Such innovations promise to bring new efficiency and convenience to our lives, but Chapman said current trends present substantial challenges to public-interesting networking efforts as well — challenges that will require creative, new thinking. One challenge is the digital divide; Chapman argued that Americans must come to recognize that the solution to this problem does not lie simply in training individuals to develop the technical skills required to get good jobs, but also in addressing the difficulties that entire communities face. Education, training and privacy also represent additional challenges that Americans have only begun to address, Chapman added.
Yet another challenge, according to Chapman, is the possible spread of proprietary networks, in which telecommunications-service providers also control content. "It is not clear that we, as public-interest networks, will have access to these (new) networks," he warned. "You should be talking about open access, about public standards, about public domain and about keeping the Internet free and open from end to end so that we (don't get) locked out simply because we're not a lucrative partner for the people who are delivering services to the home."
Much of the first day wasdevoted to exploring practical issues that public networking projects face: what kind of changes organizations must make so they can take advantage of new technologies; what opportunities cutting-edge technologies present for nonprofit organizations (and how to pay for these new technologies despite tight budgets); how to sustain telecommunications projects when federal grant money runs out; and how to bridge the digital divide.
On the second day, participants saw a preview of a program the Public Broadcasting Service will air January 28 examining the digital divide, heard from a diverse group of people involved in international projects designed to promote public-interest uses of information technology, and observed a lively discussion among representatives of leading foundations about their approaches to funding information-technology projects.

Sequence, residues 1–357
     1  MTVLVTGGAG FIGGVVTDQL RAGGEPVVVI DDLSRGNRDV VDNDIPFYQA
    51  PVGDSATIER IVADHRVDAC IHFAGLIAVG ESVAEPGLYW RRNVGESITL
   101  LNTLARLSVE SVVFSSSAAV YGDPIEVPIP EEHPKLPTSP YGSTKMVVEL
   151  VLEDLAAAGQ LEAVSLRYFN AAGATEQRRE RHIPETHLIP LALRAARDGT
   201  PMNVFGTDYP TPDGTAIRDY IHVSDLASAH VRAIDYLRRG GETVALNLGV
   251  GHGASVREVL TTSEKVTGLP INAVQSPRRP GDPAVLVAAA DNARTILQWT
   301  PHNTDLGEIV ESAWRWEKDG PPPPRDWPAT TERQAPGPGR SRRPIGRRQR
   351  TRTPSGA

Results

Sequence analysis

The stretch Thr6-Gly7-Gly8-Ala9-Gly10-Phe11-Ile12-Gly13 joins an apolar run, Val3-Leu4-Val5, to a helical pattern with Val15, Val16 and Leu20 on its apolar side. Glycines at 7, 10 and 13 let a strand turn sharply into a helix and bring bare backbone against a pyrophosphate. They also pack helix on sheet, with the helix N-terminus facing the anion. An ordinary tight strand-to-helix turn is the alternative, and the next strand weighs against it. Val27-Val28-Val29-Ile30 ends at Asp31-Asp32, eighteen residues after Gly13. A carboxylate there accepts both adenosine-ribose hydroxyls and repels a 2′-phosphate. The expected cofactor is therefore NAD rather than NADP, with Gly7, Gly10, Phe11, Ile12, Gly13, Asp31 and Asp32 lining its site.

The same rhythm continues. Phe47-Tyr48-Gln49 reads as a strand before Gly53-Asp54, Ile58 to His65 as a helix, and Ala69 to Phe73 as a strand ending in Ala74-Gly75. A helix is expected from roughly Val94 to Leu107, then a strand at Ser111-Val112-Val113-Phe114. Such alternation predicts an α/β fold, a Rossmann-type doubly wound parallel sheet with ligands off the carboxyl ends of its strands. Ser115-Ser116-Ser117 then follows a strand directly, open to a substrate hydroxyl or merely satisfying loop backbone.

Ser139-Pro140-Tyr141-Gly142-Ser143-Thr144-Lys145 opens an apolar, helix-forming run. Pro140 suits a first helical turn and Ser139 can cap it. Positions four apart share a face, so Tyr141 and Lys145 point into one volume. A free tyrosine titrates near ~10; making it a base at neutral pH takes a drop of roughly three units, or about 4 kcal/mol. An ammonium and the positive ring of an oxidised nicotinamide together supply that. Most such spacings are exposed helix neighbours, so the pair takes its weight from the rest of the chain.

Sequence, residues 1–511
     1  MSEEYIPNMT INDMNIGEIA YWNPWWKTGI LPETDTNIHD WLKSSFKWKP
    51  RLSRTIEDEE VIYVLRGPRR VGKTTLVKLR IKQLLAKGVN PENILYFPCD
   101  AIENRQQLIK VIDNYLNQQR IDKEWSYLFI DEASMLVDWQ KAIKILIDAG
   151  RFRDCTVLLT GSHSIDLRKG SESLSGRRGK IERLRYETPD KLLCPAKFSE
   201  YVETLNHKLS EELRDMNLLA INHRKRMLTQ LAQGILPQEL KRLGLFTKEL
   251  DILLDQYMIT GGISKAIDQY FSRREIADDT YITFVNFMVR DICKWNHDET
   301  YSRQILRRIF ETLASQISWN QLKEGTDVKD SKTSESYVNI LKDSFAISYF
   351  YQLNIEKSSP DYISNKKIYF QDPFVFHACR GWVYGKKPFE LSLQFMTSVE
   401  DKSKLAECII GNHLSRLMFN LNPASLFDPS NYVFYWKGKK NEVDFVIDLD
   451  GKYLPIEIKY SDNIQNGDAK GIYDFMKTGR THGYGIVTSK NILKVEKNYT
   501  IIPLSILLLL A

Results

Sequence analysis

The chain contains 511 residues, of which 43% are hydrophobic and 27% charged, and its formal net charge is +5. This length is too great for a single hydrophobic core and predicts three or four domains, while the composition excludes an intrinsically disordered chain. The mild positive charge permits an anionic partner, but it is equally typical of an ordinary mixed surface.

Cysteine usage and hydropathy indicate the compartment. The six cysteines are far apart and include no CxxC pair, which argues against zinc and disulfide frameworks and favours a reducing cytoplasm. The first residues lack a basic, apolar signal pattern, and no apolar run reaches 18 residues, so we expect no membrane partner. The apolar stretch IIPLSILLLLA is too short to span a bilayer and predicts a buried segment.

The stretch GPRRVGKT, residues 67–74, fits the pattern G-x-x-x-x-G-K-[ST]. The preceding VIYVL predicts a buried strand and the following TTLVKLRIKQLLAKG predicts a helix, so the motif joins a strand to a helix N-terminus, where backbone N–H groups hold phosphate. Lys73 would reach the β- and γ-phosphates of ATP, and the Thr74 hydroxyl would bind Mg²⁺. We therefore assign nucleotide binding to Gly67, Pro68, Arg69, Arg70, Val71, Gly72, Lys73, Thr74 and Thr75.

While Chapman opened the conference by urging participants to look at the big picture, a group of leaders from private foundations closed the gathering on a more pragmatic note, discussing what funders are seeking today in information-technology grant applications. In many respects, their comments echoed concerns important to TOP.
For instance, Willem Scholten, executive director of the Gates Center for Technology Access, said technology should not be the driver of new projects. The Gates center, he said, wants to fund "programs where it's not about technology, it's about a problem in a community." Andrew Blau, program director for the Markle Foundation, said foundations are looking for projects that carefully document what they do. "We don't see enough people taking the time to build evidence showing the link between a project and their goals," he said.
Similarly, the AOL Foundation's David Eisner spoke of the growing importance of collecting data that demonstrates whether projects have achieved their goals. "New technology is forcing a more entrepreneurial attitude in foundations," Eisner said. Today, he explained, funders are more focused on results.
The ultimate goal, however, remains much the same – namely, to enable people to control technology, and thereby ensure that it helps meet social needs, rather than let technology control us. Chapman captured the argument by suggesting that the title of his keynote speech — "Where is Information Technology Taking Us?" — should be revised. The real title, he said, should be: "Where Do People Want Information Technology to Take Us?"